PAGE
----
LSU enters NCAA Tournament energized by Mulkey mania

BATON ROUGE, La. (AP) — LSU All-America forward Angel Reese wrote the phrase, “four rebounds,” in her locker.

The story behind that exemplifies Kim Mulkey’s influence on the Tigers, who enter Friday’s opening round of the 2023 NCAA tournament having won 54 of 62 games since LSU hired the three-time national champion coach away from Baylor.

The 6-foot-3 Reese, who has averaged 23.4 points and 15.5 rebounds this season, pulled down a season-low four boards during LSU’s 88-64 loss at unbeaten South Carolina on Feb. 12.

During a subsequent practice, Mulkey mentioned that less-than-flattering statistic more than once.

“She has humbled me a lot; A lot of players probably can’t be coached by coach Mulkey,” Reese asserted. “I just appreciate how much she pushes me.

“Of anybody, she gets on me the most,” Reese continued. “This is something I needed.”

LSU (28-2), seeded third in the tournament’s Greenville 2 region, hosts Big West tournament champion No. 14 seed Hawaii (18-14) on Friday. Also meeting in Baton Rouge are No. 6 seed Michigan (22-9) and 11th-seeded UNLV (31-2).

LSU missed two straight NCAA tournaments before Mulkey, 60, started a new chapter in her career in Baton Rouge — a little more than an hour’s drive from Tickfaw, Louisiana, where she grew up.

Not only has LSU returned to the tournament in both seasons since, but also was designated a first- and second-round host.

The fan base has been re-energized. The Tigers’ last home game — a victory over Mississippi — set a new paid attendance record of 15,721 for any event at the Pete Maravich Assembly Center.

“Her will to win is what makes her stand out,” said Tigers guard Alexis Morris, who began her college career under Mulkey at Baylor, then transferred to Rutgers and Texas A&M before returning to Mulkey at LSU last season.

“That’s why she can perform and produce and piece us together as a team in this era,” Morris said. “Her way to evolve and adjust to the new generation has been incredible.”

Before coaching, Mulkey played guard, winning an NCAA title at Louisiana Tech in 1982 and Olympic gold with the U.S. National Team in ‘84. She returned to Louisiana Tech as an assistant in 1985, but after being passed over for that program’s head coaching job in 2000, she left for Baylor and built a powerhouse.

“That’s one intense coach and players want to play for her because she’s going to get in their stuff,” Hawaii coach Laura Beeman said. “She’s one of the trail blazers in our game. What she did at Baylor was phenomenal. She’s come here and turned this thing around quick.”

LSU won one tournament game a season ago before falling to Ohio State. This season has raised hopes for a deeper tournament run, but Mulkey is trying to keep her players focused on their defensive assignments against perimeter-shooting Hawaii.

“We better be ready,” Mulkey said. “Hawaii is talented. Hawaii presents problems for us on the defensive end of the floor because they shoot so many 3’s. We have bigs out there that are going to have to guard 3-point shooters.”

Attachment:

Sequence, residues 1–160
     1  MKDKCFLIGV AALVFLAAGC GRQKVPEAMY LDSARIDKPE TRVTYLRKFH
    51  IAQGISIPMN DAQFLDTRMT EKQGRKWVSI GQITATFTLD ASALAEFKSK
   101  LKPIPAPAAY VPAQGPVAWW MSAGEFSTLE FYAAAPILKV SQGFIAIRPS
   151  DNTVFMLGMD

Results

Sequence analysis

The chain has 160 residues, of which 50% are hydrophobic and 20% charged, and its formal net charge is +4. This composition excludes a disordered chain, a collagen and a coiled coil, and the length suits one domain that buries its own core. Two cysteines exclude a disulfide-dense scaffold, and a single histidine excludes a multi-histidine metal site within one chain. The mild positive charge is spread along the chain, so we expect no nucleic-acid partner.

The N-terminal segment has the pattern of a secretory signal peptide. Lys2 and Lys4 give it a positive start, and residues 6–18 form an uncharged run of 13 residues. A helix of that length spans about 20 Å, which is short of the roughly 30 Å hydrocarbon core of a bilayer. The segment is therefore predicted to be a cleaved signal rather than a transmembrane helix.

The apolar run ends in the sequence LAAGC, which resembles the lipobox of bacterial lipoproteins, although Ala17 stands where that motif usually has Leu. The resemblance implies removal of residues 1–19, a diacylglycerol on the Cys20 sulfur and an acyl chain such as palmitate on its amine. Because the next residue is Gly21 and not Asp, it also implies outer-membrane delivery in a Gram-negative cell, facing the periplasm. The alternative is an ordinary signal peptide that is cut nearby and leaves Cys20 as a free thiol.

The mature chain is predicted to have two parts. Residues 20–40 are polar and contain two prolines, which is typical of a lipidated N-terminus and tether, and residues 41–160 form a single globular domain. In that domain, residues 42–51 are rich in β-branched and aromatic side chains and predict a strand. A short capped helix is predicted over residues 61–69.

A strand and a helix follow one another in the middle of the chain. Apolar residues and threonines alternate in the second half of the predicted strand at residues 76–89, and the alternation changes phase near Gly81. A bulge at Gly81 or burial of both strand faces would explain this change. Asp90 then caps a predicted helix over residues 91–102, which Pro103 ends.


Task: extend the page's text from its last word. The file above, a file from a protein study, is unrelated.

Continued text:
Michigan had to labor through much of its Big Ten schedule without a key player.

Sophomore guard Laila Phelia, who averaged 16.9 points per game this season, recently returned from a leg injury that caused her to miss Michigan’s last seven regular-season games. She returned for the conference tournament earlier this month, scoring 13 points in a victory over Penn State and 17 points in a loss to Ohio State.

“I personally feel like I’ll be ready for (Friday), mentally and physically,” Phelia said. “Can’t wait.”

Being pain-free is one thing. Being in postseason form is another.

“She kind of got her feet wet in the Big Ten Tournament and gained some of her confidence back,” Michigan coach Kim Barnes Arico said.

Phelia is one of three Michigan players who averaged better than 16 points per game this season.

Teammates said her presence matters, regardless of how she plays.

“Whether that’s her offensive abilities and her explosiveness and really just her versatility, I think that’s a huge thing for us,” Michigan guard Leigha Brown said. “When she’s on the court, I think teams are forced to guard us a lot differently and respect us in different ways.”


UNLV’s 31 victories are the second most of any tournament team, behind only Florida-Gulf Coast’s 32.

Michigan is seeded higher because of the strength of its conference, but Arico sounded impressed by her first-round opponent’s win total.

“Any team that can win over 30 basketball games in a season is special,” Arico asserted. “If you can go undefeated in your conference and then go to the conference tournament and win the conference tournament, holy cow.”

UNLV is on a 22-game winning streak and hasn’t lost since Dec. 18. A subplot to their success has been that coach Lindy LaRocque is a Las Vegas native.

“This is just an extremely special opportunity,” LaRocque said, smiling. “I still kind of talk with my family, I’m like, ‘Can you believe I’m head coach of the Lady Rebels? Can you believe that?”


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